A Tribute to Lined Paper
As the school year in our area begins, we thought it would be fun to take a break from our usual topics to pay tribute to something almost all students use – notebooks.
Imagine your school notebook. What do you see? Is it a series of vertical blue lines with a read line down the left side? Green lines going across the page? More than one horizontal line on your page?
Do you know why your notebook looks that way?
Thinking about notebooks in the US, we can thank a couple of inventions for our modern notebooks. In 1770, a machine that made lined paper was invented. And then in the early 1800s, the blue-lined paper appeared. Eventually, the red vertical margins were added. This is the kind of lined paper we see in notebooks in the US.
The blue lines are there to guide your hand straight across the page. But what about the red lines? Those tell you to not get any closer to the edge of the paper. In the past, the red lines reminded you to leave space on the edge in case any rodents – mice or rats – decided to chew on your paper. If you stay inside the red lines, rodents would need to eat about an inch of your paper before destroying any of your writing. Today, most learners and teachers use that inch around the edge as a space to make comments or write notes.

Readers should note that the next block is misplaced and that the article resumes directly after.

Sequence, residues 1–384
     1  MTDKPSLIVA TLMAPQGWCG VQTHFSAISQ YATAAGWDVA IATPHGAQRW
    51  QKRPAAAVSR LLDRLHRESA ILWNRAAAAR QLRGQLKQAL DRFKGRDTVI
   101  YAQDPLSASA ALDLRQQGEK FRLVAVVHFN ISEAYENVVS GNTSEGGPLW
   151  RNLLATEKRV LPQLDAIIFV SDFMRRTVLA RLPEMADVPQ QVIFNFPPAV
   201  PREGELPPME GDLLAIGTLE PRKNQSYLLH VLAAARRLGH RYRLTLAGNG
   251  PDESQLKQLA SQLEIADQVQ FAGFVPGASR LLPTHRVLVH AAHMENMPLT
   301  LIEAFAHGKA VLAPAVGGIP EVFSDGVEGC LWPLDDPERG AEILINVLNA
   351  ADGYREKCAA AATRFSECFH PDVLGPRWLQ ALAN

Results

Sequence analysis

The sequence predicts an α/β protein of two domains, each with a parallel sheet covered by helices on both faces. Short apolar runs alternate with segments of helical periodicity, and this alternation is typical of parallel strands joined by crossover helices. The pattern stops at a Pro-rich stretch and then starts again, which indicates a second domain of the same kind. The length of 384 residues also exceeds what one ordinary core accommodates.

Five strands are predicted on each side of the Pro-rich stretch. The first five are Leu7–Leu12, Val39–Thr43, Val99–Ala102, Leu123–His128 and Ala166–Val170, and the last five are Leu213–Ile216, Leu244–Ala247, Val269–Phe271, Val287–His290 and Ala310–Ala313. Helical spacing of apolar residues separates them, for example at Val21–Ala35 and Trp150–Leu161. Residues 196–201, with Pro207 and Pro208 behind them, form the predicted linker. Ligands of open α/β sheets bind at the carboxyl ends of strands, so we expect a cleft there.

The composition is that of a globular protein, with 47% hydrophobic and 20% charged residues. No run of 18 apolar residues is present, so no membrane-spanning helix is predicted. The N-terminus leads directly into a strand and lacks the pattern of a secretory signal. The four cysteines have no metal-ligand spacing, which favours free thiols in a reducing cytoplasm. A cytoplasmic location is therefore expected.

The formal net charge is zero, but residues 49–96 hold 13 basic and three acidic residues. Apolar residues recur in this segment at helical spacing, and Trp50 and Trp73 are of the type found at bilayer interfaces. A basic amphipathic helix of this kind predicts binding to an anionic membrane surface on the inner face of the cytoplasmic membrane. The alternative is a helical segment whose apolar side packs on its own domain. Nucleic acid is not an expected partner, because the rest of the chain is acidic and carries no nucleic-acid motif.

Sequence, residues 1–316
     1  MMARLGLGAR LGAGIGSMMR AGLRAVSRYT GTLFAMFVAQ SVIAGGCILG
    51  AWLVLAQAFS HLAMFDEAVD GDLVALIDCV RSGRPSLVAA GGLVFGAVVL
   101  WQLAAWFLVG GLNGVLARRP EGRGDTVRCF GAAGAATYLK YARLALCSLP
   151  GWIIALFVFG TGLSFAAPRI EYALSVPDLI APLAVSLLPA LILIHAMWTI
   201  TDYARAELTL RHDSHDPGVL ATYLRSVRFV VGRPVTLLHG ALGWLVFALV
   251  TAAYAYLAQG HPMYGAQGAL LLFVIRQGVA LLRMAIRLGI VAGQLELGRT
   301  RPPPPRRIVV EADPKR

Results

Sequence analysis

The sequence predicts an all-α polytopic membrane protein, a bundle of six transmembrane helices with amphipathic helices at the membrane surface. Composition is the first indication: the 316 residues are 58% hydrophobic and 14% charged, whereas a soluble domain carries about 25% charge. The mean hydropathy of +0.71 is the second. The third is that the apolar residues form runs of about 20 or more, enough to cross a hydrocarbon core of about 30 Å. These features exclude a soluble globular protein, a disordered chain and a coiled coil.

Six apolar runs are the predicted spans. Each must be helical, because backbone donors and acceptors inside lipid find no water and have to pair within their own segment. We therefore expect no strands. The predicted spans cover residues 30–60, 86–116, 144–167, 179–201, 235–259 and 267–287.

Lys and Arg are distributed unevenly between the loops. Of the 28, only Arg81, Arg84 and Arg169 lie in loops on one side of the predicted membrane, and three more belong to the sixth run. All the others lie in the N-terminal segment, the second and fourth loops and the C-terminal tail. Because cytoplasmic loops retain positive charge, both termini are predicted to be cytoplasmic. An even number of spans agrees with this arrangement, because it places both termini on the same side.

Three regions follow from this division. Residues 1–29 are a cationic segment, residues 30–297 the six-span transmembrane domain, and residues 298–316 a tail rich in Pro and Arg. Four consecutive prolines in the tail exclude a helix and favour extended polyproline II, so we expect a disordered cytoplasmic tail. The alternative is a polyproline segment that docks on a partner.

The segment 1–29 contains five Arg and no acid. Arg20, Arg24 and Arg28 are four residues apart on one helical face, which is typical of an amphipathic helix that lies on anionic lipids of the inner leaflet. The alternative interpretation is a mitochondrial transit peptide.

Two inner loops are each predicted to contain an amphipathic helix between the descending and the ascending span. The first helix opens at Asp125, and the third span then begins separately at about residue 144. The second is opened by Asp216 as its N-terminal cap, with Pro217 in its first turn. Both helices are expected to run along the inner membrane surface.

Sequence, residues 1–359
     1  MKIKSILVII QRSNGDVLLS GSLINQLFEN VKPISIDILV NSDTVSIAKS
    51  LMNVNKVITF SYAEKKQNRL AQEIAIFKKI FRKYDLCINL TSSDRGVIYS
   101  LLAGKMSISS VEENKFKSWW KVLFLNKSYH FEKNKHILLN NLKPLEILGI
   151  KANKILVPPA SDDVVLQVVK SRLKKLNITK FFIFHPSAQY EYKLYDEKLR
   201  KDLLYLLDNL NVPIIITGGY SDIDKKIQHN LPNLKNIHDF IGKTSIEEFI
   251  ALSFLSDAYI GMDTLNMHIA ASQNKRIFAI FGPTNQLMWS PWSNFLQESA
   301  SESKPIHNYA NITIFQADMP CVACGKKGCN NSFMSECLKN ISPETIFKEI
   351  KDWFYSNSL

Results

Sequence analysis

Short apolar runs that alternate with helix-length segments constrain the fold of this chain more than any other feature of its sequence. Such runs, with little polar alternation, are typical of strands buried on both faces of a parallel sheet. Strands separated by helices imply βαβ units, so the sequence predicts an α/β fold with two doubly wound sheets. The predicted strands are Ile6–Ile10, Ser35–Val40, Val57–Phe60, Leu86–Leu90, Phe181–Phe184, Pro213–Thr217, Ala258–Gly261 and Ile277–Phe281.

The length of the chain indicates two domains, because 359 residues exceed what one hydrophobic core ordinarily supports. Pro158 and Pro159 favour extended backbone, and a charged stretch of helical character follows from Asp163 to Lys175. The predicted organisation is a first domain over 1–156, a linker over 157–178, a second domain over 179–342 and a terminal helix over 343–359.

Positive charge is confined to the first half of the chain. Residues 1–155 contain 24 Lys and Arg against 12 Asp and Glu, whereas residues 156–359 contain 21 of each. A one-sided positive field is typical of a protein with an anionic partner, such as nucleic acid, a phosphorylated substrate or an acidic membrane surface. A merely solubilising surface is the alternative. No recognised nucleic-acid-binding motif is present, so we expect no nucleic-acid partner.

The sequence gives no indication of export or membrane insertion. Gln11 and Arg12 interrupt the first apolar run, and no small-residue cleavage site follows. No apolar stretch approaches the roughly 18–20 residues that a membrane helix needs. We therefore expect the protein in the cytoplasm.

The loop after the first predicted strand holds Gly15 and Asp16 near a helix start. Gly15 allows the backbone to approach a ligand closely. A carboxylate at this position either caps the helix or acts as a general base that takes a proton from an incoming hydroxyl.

What about other countries? Notebooks tend to look different around the world. Take a look at the notebook designs below. Do you know the history of these notebooks? Let us know in the comments!
In China, kids use Tainzige ruled paper when learning to write. It has boxes for individual characters.
You get thick vertical lines that are 8mm apart, beginning 16mm from the left. Three lighter lines are 2 mm apart between each pair of heavy lines.
Genkō yōshi is used for kanji writing. It is formed vertically with individual boxes for each character.
The pages are like grids with 6, 7, 8 or 9 mm spacing. The grid lines can be gray, blue, green or purple. The vertical margin line is red or orange.
If you could, how would you design the notebook paper your country uses?
Why design it that way?
Let us know in the comments!